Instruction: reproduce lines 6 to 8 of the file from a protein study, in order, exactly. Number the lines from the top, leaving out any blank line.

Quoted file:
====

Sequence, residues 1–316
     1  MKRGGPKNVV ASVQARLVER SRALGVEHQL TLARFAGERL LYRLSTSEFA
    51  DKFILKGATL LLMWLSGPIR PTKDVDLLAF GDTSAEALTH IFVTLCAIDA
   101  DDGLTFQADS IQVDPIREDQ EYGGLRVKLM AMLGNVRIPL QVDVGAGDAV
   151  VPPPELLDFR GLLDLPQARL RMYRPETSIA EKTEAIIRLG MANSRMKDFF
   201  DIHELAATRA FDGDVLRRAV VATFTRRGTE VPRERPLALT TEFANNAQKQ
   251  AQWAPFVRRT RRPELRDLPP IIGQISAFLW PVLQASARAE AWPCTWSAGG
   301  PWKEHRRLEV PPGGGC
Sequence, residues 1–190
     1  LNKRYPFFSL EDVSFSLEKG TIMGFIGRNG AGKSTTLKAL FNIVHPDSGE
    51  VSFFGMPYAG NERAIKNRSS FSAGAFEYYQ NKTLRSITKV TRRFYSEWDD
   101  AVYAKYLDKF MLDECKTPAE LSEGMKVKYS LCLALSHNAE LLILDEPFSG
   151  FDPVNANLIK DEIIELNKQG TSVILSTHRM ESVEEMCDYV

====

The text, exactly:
   201  DIHELAATRA FDGDVLRRAV VATFTRRGTE VPRERPLALT TEFANNAQKQ
   251  AQWAPFVRRT RRPELRDLPP IIGQISAFLW PVLQASARAE AWPCTWSAGG
   301  PWKEHRRLEV PPGGGC